On the subject of mass immigration, the media will prattle on about diversity being a strength and an irreplaceable boon to our economies, but host opinion pieces identifying mass immigration with vengeance for colonialism.
So, which is it? The point is to cover the spread, inducing a sense of guilt and negative duty among its readers. Most people don’t have the time to thoroughly research the news cycle, or, for that matter, alternative news sources which aren’t bound to special corporate interest.
To suggest that the mainstream media face true market forces is beyond absurd: many media companies are beholden to greater economic forces, enjoying financial injections to salvage their flailing narratives. Recently, the Mainstream Media has abandoned its stance on warming their readers to the idea of regarding pedophilia as a mental disorder or extreme paraphilia, rather than a crime.
Now, on the one hand, there’s been a furious promotion of articles showcasing how wonderful prepubescent ‘drag kids’ are for expressing their true being, and, on the other, and perhaps more undetected, articles positively covering–both straight and gay–relationships with extreme age gaps, sometimes flirting with legal boundaries. These narratives haven’t been well-received by the majority of social media users.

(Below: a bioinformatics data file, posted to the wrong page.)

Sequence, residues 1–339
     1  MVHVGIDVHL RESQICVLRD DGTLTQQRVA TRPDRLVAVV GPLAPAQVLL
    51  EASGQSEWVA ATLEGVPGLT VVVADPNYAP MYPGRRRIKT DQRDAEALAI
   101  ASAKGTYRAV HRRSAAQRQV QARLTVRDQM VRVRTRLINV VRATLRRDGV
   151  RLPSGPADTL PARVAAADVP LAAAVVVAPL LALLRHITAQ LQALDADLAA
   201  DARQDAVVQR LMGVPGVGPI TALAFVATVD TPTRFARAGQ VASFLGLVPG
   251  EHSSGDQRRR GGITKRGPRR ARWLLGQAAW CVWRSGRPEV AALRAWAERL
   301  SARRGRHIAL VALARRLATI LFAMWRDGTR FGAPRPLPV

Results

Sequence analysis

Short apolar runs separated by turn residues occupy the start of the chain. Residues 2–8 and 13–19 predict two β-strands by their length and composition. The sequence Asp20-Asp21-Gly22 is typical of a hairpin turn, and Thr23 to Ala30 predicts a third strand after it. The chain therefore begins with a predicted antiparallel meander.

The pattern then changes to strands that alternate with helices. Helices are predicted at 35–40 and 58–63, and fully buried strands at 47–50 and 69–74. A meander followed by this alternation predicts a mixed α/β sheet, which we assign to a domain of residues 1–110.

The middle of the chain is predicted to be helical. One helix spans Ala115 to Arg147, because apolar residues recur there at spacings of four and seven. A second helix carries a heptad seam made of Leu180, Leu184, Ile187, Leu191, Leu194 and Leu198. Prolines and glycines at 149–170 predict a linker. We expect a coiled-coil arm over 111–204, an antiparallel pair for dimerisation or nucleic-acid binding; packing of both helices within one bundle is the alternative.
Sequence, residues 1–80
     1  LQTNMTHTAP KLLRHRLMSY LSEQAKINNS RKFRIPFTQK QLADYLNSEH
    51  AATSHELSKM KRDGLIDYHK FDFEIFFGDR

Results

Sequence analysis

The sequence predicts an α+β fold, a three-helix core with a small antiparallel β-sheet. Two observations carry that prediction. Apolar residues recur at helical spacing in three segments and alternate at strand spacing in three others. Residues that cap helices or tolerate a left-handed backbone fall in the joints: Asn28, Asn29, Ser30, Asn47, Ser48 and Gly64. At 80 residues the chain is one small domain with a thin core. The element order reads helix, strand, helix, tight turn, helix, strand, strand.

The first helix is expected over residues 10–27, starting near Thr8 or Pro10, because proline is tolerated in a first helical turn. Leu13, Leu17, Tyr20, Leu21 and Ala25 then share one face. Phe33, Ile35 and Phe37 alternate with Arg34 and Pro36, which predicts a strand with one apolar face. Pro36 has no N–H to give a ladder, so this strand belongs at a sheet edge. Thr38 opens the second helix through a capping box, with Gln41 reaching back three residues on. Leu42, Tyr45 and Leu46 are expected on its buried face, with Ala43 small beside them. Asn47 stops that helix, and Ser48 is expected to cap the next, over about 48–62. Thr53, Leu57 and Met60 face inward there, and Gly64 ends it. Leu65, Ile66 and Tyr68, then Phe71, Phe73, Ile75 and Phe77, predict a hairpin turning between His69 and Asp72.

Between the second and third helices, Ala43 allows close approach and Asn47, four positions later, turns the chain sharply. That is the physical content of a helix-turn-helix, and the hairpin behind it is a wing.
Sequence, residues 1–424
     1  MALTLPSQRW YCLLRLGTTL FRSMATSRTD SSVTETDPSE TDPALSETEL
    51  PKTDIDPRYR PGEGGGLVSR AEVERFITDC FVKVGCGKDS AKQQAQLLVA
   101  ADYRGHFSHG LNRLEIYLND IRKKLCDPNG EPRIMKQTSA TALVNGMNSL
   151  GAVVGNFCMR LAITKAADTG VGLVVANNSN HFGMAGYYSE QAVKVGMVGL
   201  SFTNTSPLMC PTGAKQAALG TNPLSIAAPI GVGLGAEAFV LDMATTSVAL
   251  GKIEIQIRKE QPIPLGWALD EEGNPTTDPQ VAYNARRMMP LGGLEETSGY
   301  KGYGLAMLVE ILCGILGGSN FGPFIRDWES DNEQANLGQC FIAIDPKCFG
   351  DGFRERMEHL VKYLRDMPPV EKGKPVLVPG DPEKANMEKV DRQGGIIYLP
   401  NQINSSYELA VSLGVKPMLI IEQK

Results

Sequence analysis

In fact, the majority of clicks earned would be deemed ‘hate clicks’. Notwithstanding this blatant unpopularity, and consequent drop in revenue, the mainstream media continues to churn out this topic. Just a reminder: it’s not about the money… it’s about sending a message.
Western testosterone levels continue to plummet. Meat contains nutrients and proteins difficult to acquire through other substitutes. Low testosterone levels have been associated with more socialist, egalitarian, political views in men.
A few years ago, a few male Buzzfeed journalists discovered their testosterone levels to be similar to those of elderly men. Men with lower testosterone levels were also found to be more likely to vote for Hillary Clinton. These traits align themselves with the model consumerist citizen–somebody who won’t ask questions or resist politico-cultural undertows away from the shoreline.
Another alarming emergent micro-trend has been identified, commencing with Newsweek’s article on cannibalism.
Vice Magazine has also published articles concerning cannibalism. What’s certain is the fact that these articles on entomophagy are to construct narratives, turbulently sliding into abrupt normalization.
Removing taboos or stigma from these practices also falls in line with the general ontology of modern progressivism–there is no fixed destination, only maximal contemporary freedom and removal of social strictures, with the exception of being ‘unprogressive’, to bring about certain political ends.
At the end of the day, very few people would dream of willingly gorging on maggot hot dogs and an ice-cold reconstituted cockroach milk strawberry milkshake.
There is no public demand for this. These narratives are top-down, not bottom-up; but it still enters the public arena as a legitimate talking point, linked to trendy issues–climate change and population growth.
We have a live narrative in the making.